USPS prices are going up in 2017. First Class mail goes from 47 to 49 cents on Jan. 22, with other products seeing varying price increases. On Tuesday, the PRC approved all postage raises USPS requested, except for Special Services price adjustments. The PRC filing says the commission didn’t receive information about those requests in time (opens as a PDF). “Barring any unforeseen issues,” reads the PRC filing, “the commission expects to issue the separate order well in advance of the expected January 22, 2017, implementation date.” So market-dominant price increases are slated for First Class mail, Standard Mail, Periodicals and Package Services, as direct mailers subscribing to the GrayHair Newsletter learned matter-of-factly on Wednesday. click Read More below for additional detail
The New York Times Company (NYSE:NYT) announced today adjusted diluted earnings per share from continuing operations (defined below) of $.09 in the third quarter of 2015 compared with $.03 in the third quarter of 2014. Diluted earnings per share from continuing operations was $.06 in the third quarter of 2015 compared with a loss of $.08 in the same period of 2014.
Adjusted operating profit (defined below) grew to $47.6 million in the third quarter of 2015 from $40.0 million in the third quarter of 2014. This increase was driven by revenue growth combined with cost reductions. Operating profit was $21.9 million in the third quarter of 2015 compared with a loss of $9.0 million in the same period of 2014.
“This was a strong quarter for The New York Times Company. We achieved significant growth in adjusted operating profit with strength across many areas of our business,” said Mark Thompson, president and chief executive officer.
“We added 51,000 net digital subscribers, bringing the total number of paid digital-only subscribers to 1,041,000 at the end of Q3. This is the largest number of net subscribers we have added in a quarter since Q4 2012, evidence of our ability to continue to grow our digital subscriber count more than four years after the launch of our pay model and of the high demand for our digital journalism.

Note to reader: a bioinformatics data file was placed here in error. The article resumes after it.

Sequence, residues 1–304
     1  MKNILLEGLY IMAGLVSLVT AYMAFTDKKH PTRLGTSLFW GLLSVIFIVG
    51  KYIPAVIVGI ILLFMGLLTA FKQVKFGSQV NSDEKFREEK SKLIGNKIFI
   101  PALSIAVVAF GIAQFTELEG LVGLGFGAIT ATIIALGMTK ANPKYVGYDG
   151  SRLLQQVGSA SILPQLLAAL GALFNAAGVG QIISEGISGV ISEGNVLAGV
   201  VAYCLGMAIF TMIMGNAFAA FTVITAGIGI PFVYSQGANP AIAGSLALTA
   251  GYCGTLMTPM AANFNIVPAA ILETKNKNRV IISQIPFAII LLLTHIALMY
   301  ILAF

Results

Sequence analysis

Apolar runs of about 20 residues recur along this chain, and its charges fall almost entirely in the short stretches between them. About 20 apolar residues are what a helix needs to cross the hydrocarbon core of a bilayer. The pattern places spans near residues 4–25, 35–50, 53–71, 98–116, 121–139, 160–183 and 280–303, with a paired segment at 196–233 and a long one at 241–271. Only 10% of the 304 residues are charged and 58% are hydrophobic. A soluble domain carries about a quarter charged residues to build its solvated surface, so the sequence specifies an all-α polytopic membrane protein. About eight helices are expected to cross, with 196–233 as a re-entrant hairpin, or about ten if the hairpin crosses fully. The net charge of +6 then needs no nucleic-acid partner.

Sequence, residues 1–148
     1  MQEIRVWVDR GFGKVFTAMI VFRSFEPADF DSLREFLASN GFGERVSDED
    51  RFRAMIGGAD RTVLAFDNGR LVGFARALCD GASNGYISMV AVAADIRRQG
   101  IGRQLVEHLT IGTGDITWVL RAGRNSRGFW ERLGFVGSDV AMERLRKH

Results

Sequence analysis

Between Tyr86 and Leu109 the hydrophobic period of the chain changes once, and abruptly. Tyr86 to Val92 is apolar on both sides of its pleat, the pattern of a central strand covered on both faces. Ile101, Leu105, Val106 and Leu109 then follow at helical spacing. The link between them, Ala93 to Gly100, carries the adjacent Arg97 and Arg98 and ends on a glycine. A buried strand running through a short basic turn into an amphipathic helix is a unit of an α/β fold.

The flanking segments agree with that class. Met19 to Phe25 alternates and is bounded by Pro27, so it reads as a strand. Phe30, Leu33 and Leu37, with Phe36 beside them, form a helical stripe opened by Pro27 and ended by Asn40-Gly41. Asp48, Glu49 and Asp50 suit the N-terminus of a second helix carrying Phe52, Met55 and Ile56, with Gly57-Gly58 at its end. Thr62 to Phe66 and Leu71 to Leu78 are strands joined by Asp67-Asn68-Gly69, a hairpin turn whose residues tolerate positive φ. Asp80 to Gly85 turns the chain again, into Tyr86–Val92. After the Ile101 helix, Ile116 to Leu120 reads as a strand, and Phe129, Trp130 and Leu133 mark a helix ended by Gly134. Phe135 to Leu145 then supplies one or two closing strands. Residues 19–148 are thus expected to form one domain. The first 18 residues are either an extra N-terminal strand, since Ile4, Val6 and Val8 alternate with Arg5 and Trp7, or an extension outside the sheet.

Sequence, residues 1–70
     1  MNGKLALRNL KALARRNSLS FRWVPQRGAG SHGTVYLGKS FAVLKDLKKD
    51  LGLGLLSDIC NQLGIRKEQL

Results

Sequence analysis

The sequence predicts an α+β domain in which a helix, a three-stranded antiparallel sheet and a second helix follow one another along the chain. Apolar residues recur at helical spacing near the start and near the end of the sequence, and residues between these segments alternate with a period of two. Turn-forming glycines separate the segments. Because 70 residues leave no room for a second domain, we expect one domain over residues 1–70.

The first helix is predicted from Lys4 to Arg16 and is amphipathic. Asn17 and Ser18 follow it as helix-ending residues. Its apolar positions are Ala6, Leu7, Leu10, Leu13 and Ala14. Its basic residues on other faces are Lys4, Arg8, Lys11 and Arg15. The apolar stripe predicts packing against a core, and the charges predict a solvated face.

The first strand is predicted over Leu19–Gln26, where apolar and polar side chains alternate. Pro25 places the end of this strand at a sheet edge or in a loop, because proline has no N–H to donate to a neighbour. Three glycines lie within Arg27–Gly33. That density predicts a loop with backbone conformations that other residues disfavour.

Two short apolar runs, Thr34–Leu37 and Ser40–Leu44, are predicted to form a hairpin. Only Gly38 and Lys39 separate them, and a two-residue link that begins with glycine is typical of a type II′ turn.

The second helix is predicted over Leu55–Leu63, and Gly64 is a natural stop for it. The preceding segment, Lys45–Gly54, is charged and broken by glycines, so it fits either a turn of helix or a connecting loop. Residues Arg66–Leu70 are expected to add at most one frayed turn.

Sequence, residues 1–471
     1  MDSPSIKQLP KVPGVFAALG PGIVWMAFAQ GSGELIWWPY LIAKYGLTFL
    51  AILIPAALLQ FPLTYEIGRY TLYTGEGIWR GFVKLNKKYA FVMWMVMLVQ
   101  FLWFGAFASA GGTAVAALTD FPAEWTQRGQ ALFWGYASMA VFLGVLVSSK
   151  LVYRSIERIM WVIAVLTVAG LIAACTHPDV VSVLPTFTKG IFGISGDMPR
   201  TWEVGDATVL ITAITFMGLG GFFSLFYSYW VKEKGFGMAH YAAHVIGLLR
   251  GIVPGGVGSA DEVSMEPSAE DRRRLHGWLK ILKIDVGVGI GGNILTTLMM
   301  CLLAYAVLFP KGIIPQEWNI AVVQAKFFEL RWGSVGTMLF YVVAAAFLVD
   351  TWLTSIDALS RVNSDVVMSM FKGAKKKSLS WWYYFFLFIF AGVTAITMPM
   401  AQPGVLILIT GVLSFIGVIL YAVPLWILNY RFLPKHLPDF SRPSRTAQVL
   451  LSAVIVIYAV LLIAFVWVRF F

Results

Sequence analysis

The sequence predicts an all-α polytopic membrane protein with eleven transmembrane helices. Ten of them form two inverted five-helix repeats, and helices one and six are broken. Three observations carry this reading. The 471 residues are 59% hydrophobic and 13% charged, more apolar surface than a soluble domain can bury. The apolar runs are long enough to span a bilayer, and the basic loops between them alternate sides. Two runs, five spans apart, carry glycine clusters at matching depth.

“Total revenues grew in the quarter and we maintained a tight rein on costs. It was our best advertising quarter of the year, year-over-year, despite a decline in digital advertising revenue, with better performance in print. We remain bullish about our digital advertising business and expect it to return to growth in the fourth quarter.
“Moving forward, our focus remains on rapidly growing our digital business and maintaining the long-term strength and viability of our print operation.”
Total revenues for the third quarter of 2015 increased 0.7 percent to $367.4 million from $364.7 million. Circulation and other revenues increased 1.1 percent and 16.2 percent, respectively, while advertising revenues declined 2.1 percent.
Circulation revenues rose as revenues from the Company’s digital subscription initiatives and January’s increase in home-delivery prices for The New York Times more than offset a decline in print copies sold. Circulation revenue from the Company’s digital-only subscription products was $48.6 million in the third quarter, an increase of 13.8 percent from the third quarter of 2014.
Paid subscribers to the Company’s digital-only subscription products totaled approximately 1,041,000 as of the end of the third quarter of 2015, an increase of 19 percent compared to the end of the third quarter of 2014.
Third-quarter print advertising revenue decreased 0.9 percent while digital advertising revenue decreased 5.0 percent. Digital advertising revenue was $36.5 million, or 27.0 percent of total Company advertising revenues, compared with $38.4 million, or 27.8 percent, in the 2014 third quarter.
Other revenues rose 16.2 percent in the third quarter primarily due to increases in revenues from the Company’s NYT Live business (which includes conferences and live events), Crossword product and rental income.